UPMC Pinnacle’s Heritage Pediatrics in Camp Hill reports there is a gastrointestinal virus going around. It starts with belly pain and vomiting, then diarrhea often starts on the second day. In most cases, the vomiting is the most frequent in the first day and then resolves or occurs intermittently in the following days.
Treatment is supportive, meaning there is no prescription that will resolve it. Patients are advised to drink clear liquids. Dr. Kathleen Zimmerman said it’s best to give pediatric electrolyte solution, but it is important to sip slowly and no try to drink right after vomiting. She suggests waiting at least 30 minutes.
If your child can tolerate liquids, then bland foods like crackers, rice and bananas can be tried.
Watch for signs of hydration in your child, including wet mouth, tears and urinating every four to six hours, Zimmerman said.
“If your child is not urinating at least four times per day then you should call your doctor immediately,” she said.
Providers at Summit Health in Cumberland and Franklin counties also report a nasty stomach bug making the rounds.
The biggest concern when children get the GI bug is dehydration, so having an electrolyte drink on hand, in case symptoms come on suddenly, can be very helpful, they said.
Sometimes just drinking water isn’t enough, as it won’t replace the important salts, sugars, and minerals your child’s body loses.
Parents are advised to keep children away from milk while they are vomiting. If you have a young baby, speak with their doctor about breast milk and formula.
Too much of any type of liquid can actually make vomiting worse, so try one teaspoon every four to five minutes, they said.
If your child is showing signs of dehydration or is unable to keep fluids down, they should be checked out by a medical professional.
Lancaster General Health Physicians Roseville Pediatrics says a stomach bug, strep throat and croup took their office by storm this week.
Dr. Joan Thode said she saw a sharp increase in kids of all ages presenting with vomiting and diarrhea, sometimes with a fever as well.
She also saw a sharp increase in strep throat cases and said croup has continued to steadily increase among infants and toddlers.
Thode also saw an increase in the number of urinary tract infections, although they are not contagious.
There has also been no let-up in the number of viral illnesses seen compared to the last two weeks, she said.
Thode offered the following advice about stomach-related illnesses:
“The formal name of the GI bug is ‘gastroenteritis,’ which means inflammation of the gastrointestinal tract. This inflammation is caused by any one of a large number of viruses.
Gastroenteritis often starts with vomiting and ends with diarrhea, though the opposite could be the case. The diarrhea often resolves slower than the vomiting because the cells of the intestines become injured and therefore absorb less water, sugar and nutrients. The result is loose stool, which will resolve once the virus is gone and the cells lining the intestines have a chance to be replaced. This can take up to a week, especially in younger kids.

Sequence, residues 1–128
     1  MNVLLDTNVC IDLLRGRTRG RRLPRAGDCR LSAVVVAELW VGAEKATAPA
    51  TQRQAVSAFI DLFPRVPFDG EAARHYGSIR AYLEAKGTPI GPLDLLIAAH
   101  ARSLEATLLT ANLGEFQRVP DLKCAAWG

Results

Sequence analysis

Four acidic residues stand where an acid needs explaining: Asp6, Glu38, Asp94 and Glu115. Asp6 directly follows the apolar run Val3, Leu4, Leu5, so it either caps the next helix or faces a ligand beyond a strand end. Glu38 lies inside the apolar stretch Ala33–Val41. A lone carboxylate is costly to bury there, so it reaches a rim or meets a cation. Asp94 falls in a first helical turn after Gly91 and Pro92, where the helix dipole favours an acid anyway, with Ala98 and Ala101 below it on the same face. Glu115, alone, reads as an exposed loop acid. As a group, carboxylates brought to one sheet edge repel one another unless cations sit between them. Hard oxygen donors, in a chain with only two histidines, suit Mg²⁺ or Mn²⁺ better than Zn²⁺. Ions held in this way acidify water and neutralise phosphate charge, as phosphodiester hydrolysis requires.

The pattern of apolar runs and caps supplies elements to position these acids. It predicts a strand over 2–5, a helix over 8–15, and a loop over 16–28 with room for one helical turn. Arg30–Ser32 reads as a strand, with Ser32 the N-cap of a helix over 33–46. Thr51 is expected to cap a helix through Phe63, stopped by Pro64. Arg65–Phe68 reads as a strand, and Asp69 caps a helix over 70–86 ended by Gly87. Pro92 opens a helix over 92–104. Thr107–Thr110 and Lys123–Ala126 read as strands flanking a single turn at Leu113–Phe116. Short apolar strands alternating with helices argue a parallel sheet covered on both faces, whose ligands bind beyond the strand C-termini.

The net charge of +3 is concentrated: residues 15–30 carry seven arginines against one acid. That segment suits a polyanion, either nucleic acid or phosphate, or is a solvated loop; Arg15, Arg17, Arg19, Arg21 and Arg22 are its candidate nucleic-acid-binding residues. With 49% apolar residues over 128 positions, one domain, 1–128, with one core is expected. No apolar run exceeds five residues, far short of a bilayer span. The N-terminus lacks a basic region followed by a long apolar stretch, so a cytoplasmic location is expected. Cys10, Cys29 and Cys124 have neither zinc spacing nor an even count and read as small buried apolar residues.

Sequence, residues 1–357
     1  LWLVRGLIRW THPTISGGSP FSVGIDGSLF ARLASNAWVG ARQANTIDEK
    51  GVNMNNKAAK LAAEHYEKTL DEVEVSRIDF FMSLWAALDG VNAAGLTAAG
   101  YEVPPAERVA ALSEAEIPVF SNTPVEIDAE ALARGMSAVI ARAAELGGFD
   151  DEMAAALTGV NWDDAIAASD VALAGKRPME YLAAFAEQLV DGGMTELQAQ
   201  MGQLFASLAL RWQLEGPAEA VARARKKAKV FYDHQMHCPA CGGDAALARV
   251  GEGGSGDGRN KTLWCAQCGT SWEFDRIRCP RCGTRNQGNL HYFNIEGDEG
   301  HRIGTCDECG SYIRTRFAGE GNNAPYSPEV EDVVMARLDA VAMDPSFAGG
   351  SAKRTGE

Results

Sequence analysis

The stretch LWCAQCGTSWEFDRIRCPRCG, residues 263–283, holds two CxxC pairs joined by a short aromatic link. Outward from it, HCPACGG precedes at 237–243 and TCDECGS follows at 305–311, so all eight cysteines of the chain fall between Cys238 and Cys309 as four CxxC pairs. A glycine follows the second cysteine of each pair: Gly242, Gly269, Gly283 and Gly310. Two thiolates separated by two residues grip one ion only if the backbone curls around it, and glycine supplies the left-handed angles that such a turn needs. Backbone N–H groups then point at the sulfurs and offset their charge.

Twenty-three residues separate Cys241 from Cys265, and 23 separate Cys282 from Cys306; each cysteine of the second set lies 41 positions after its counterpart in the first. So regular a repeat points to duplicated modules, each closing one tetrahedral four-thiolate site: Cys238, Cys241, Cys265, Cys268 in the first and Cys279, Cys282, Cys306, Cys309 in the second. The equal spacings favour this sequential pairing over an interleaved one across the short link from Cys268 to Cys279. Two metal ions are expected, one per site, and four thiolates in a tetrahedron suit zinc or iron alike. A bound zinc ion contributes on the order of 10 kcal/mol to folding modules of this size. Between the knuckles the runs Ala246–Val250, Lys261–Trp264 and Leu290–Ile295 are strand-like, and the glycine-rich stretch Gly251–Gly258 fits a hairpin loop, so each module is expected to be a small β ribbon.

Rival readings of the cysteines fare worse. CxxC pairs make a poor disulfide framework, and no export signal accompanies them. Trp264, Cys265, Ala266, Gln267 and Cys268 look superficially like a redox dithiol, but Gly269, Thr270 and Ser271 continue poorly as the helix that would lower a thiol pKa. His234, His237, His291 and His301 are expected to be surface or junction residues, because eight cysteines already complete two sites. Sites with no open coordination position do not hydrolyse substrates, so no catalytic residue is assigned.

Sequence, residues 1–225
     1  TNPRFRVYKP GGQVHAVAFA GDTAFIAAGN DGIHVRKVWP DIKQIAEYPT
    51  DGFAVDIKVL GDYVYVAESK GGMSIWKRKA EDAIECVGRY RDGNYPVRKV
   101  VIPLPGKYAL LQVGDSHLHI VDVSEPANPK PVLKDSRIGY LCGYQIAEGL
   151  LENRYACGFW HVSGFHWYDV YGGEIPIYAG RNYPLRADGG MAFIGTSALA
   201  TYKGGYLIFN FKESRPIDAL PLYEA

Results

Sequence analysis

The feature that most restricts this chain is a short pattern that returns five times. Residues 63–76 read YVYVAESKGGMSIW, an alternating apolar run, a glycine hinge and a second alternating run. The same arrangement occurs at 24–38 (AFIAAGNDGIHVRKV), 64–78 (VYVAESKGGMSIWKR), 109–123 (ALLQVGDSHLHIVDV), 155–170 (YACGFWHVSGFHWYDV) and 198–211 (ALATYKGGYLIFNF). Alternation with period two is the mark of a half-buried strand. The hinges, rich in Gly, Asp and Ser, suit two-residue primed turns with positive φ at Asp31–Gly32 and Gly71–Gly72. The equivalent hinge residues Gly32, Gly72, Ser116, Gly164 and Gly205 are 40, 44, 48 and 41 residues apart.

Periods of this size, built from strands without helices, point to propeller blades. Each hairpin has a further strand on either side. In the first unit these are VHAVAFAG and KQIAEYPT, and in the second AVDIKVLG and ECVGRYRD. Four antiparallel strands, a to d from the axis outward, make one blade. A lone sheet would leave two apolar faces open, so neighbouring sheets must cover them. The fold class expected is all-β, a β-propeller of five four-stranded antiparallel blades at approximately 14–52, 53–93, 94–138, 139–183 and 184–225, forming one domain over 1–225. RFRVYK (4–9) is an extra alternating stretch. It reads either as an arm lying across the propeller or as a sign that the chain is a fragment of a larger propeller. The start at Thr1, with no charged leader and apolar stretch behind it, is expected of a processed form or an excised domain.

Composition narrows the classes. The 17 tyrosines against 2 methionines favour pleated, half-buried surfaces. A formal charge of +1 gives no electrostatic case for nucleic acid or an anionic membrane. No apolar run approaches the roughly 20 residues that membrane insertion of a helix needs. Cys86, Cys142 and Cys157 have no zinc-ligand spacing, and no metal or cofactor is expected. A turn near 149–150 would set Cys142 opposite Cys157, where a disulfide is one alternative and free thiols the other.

The primary goal for a child with acute gastroenteritis is hydration. Water is the most ideal hydration in children over 12 months. Babies younger than 12 months still have immature kidneys, so hydration efforts should be coordinated with your child’s doctor. Electrolyte solutions like Pedialyte can be used for vomiting or diarrhea, keeping in mind that water should be the primary form of rehydration.
While your child’s doctor may prescribe a medication that reduces vomiting, anti-diarrheal medications are not advised, as they cause the infection to stay in the intestines longer.
Children of any age who cannot keep any fluids down due to vomiting and/or are showing signs of dehydration, including less urine output, fewer tears, dry mouth or cracked lips, should be evaluated by a doctor sooner rather than later.
Thode also reminder people that although Thanksgiving is a time of family and good food, it’s also a time of necessary increased vigilance for choking hazards, allergen exposures and kitchen accidents for kids.
Geisinger Holy Spirit’s emergency department in East Pennsboro Township, Cumberland County reports the flu is going around. In addition, they’re seeing common viruses, such as rhinovirus, and croup and respiratory syncytial virus, or RSV, in kids.
Geisinger Holy Spirit Primary Care centers in Perry and Dauphin Counties also report a spike in viral upper respiratory infections.
This week, WellSpan Medical Group providers are also continuing to see an increase in the number of upper respiratory viral infections.
With the Thanksgiving holiday here, WellSpan Medical Group providers would like to remind everyone to safely prepare their food and take steps, such as washing hands, avoiding cross-contamination with raw meat and cleaning food preparation and eating surfaces, to help prevent illness.
The pediatricians of Penn State Children’s Hospital are still reporting a lot of rhinovirus, which causes the common cold.
They’re also seeing other respiratory viruses, including RSV, parainfluenza and adenovirus.